6. 1 tablespoon of mustard seed per jar.  Your choice as ling as it is dried – we used black and yellow.
    7. 2 teaspoons of dill seed per jar.
  3. Boil your jars to sterilize.  Pull them out of the water (one at a time) and throw in all of the dry ingredients into a jar.  Stuff tight with asparagus (this helps stop them from floating to the top).  Try not to touch the rim as you need to keep this sterile.  We put the asparagus in tip-first as it makes it easier to pack the final ones in tightly – pushing the thin tops is very difficult).
  4. Use a food funnel to fill the jars, leave about 1/2 inch head-space – all the asparagus should be covered.
  5. Use a food magnet to place a sterile lid from the boiling water on top of the jar.
  6. Twist a ring seal on top of the lid and place the jar in the steamer (everything should still be hot so use care).
  7. Finish the rest of the jars and seal – we use a pressure cooker to steam seal them (10 minutes at 10 pounds of pressure).
  8. Let the pressure cooker cool down, remove the jars and place on racks to cool down.
  9. Place away for 6 weeks+ for pickles – most of ours will be stored until a minimum of 4 or 5 months.

Cleanliness and measurements are extremely important as are using a tested recipe (do not invent your own).  There is a lot of complex science going on here, despite the insistence of all of our Grandmothers. We cook and serve all of these recipes to our friends and families and we believe they are safe to do so.  Ultimately do your own research and ensure you protect yourself and those you love.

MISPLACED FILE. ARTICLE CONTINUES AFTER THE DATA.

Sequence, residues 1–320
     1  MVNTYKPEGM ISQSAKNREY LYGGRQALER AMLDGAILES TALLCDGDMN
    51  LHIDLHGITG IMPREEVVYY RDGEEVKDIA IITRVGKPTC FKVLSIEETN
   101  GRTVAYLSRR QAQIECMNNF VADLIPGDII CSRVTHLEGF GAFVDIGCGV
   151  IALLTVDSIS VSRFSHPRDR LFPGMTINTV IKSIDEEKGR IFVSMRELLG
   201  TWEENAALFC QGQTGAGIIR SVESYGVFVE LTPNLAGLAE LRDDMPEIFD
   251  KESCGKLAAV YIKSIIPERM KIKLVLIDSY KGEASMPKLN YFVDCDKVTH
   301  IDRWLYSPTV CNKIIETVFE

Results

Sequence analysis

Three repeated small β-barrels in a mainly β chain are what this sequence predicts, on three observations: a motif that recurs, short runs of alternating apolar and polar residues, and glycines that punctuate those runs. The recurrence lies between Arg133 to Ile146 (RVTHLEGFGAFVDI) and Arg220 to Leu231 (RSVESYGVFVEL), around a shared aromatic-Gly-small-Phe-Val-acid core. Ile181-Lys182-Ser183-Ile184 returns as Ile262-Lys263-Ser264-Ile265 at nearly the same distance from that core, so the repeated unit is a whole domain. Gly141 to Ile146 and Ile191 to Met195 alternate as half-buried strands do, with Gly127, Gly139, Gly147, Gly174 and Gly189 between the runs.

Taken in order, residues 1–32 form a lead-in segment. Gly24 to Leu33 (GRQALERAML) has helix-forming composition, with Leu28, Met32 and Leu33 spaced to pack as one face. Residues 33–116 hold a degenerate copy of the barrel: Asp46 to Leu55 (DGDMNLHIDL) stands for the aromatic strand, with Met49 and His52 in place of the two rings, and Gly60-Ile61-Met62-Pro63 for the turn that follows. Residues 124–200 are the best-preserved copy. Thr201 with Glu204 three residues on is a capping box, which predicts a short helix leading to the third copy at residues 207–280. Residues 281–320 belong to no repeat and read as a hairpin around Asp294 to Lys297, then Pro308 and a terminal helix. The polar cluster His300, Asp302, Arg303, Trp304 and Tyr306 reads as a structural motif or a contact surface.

Steps 1-3 are particular to this recipe, the others are fairly generic to all preserves and pickles.  I highly advise you read our preserving section in full for more info and use some trusted sources such as the incomparable Joy of Cooking (though their website does not have enough detail to help you determine the basics)

Comments

  1. The BEST in caesers. Actually, a spear of pickled asparagus and a thin piece of beef jerky.

    • thanx Patrick! and here we thought we might have trouble getting through all the big jars..haha. Now Joel wants a food dehydrator to make his own jerky! (You’ll have to come visit for a ceasar!)

  2. I just discovered your website this year, and it is awesome! Your posts are very helpful and informative. I am pickling asparagus tomorrow – I’m soo excited! Can you tell me more about the processing controversy? Are you saying pickles don’t need to be processed at all???

    • HI Amanda,

      Thanks for the kind words! Good luck on the asparagus and yes I would process them in the water bath for sure – you will adore your asparagus.

      I have searched the article for processing controversy and couldn’t find it; I’m afraid I don’t remember writing about a controversy (though I probably did :)). If you need any more detail could you point me to that discussion in hopes it will turn a lightbulb on and I’ll get back to you? Sorry for the hassle – the risk of daily writing is that I don’t remember everything we’ve shared and when people look at it it’s fresher in their head than my own :)

      Joel

  3. Hi, where did you buy your 7% pickling vinegar (in toronto)? and how much was it for?
    thank you for your help.

    • It was a Heinz bottle – looks almost identical to their regular (it has veggies on the sides) and is found with the regular vinegar. I can`t remember where we got it but it was at a regular grocery store for around the regular price of vinegar. You can easily use 5% vinegar for this recipe as well – the 7% tends to be very tart.

  4. You you should make changes to the page subject Details on how to make pickled asparagus Well Preserved to more specific for your webpage you create. I enjoyed the the writing however.

  5. hi had pickled leeks in Ontario when i was younger and looking for recipe
    Thanks Mona